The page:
A little bit of background into the Sino-British Joint Declaration, which led to the handing over of Hong Kong (as if it is a possession) from British to Chinese rule, shows the remaining effects of the First and Second Opium Wars on the Chinese psyche—that the West was not going to continue to dominate Chinese policy and economic potential. Margaret Thatcher, well-known Prime Minister of Britain at the time, and the Crown were strong armed into the agreement, as the British and Hong Kongese (carrying a majority opinion of wanting to stay under British territorial rule) had very little leverage to ward off China’s demands to take back control of the territory and thus the economic powerhouse that it is. Simply put, it is easy to understand where the Chinese were coming from, with the feeling that this British Colony was rightfully “theirs” seeing as the geography is logically China and the people of Hong Kong are of Chinese origin. But the issue is not at all that simple with the growing differences in culture and the desire for a free and fair capitalist democracy by the more socially progressive, freedom-minded Hong Kongese people and government. The agreement led to mass emigration from the city. From 1990-1996 alone, over 300,000 citizens of Hong Kong (with British passports) emigrated to escape the eventual reality that they would just shift from being a colony of the UK to virtually a colony of China. I have been fortunate to make many Chinese and Hong Konger friends during my time in academia and abroad, and I have immense respect for their values and thoughts toward the geopolitical issues that stem from this history. Being American, I will never fully understand either side’s emotion, and being pro-democracy and human rights focused, I cannot help but have an opinion and a stronger relationship with one side over the other in the name of one important word, Sovereignty.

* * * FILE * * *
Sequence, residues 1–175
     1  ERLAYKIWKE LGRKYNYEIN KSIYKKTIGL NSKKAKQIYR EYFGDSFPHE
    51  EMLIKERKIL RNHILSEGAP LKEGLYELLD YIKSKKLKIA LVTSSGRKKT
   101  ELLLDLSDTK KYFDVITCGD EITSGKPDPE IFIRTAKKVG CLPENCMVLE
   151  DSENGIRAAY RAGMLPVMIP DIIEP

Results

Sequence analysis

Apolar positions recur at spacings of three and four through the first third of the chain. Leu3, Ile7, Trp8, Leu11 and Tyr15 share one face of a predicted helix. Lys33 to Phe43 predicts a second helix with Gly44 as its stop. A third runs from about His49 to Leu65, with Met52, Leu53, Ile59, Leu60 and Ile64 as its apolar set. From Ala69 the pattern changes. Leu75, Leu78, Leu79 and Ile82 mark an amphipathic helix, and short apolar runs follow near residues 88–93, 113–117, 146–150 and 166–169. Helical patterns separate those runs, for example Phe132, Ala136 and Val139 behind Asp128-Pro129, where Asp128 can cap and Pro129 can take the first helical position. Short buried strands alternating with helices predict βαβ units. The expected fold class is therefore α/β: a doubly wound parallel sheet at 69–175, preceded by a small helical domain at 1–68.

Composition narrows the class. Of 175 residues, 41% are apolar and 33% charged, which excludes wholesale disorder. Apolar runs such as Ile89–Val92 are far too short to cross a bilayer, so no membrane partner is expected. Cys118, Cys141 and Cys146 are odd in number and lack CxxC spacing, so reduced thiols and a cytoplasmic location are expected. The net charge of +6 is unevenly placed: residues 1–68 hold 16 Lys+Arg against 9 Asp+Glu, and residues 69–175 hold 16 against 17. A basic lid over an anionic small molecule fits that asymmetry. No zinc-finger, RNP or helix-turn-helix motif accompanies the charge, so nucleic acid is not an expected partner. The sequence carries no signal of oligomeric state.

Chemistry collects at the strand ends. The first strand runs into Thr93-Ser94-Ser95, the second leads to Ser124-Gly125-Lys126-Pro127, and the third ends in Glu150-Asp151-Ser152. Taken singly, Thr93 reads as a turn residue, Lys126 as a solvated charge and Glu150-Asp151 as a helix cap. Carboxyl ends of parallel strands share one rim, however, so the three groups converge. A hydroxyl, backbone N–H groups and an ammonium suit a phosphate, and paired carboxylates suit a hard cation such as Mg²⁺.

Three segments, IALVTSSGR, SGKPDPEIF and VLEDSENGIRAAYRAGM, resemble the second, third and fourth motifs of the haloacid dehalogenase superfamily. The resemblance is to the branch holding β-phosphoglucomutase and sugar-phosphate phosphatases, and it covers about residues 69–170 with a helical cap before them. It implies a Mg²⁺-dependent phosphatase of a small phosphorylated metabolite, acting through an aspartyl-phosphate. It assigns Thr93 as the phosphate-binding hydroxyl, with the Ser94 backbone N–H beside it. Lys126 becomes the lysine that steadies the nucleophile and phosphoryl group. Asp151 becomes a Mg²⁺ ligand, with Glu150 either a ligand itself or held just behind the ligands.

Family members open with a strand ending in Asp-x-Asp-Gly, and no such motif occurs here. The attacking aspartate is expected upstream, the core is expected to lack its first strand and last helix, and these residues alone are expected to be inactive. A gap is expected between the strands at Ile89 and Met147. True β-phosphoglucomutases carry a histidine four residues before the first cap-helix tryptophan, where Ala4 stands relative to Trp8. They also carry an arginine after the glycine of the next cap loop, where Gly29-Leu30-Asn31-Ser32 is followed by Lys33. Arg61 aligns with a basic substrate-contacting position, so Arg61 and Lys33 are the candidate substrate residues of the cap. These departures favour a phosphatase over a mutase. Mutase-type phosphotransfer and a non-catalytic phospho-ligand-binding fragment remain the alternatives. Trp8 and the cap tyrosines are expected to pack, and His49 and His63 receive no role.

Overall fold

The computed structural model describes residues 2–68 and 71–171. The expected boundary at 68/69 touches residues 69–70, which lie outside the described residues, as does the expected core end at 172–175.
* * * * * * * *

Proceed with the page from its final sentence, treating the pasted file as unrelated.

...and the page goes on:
The day that my eyes opened wider to what was happening in Hong Kong was the day that the peaceful protest elevated to another level. The protesters were continuously being pushed by police, literally and figuratively, and Carrie Lam had intended on putting up an Extradition Law (to extradite “criminals” to China whenever they see fit—obviously dangerous, as China could give no reason for an arrest) for a vote prior to election in a slightly skewed Pro-China legislature despite mass outcry in the public against it. So, they began smashing windows of the government building and vandalized the voting chambers because their life depended on it! These events caught my attention, and my first reaction was not to shake my head in disgust at the “violence” that is smashing windows after having been beaten and tear-gassed the night before, it was to look deeper and realize this needed to happen. The world needed to see this to actually HEAR the Hong Konger chants, to see their umbrellas, to see their methods of peaceful protest for a pro-democracy state. It was only then when videos of police brutality, casual subway riders with children being beaten, were released into larger view on the internet.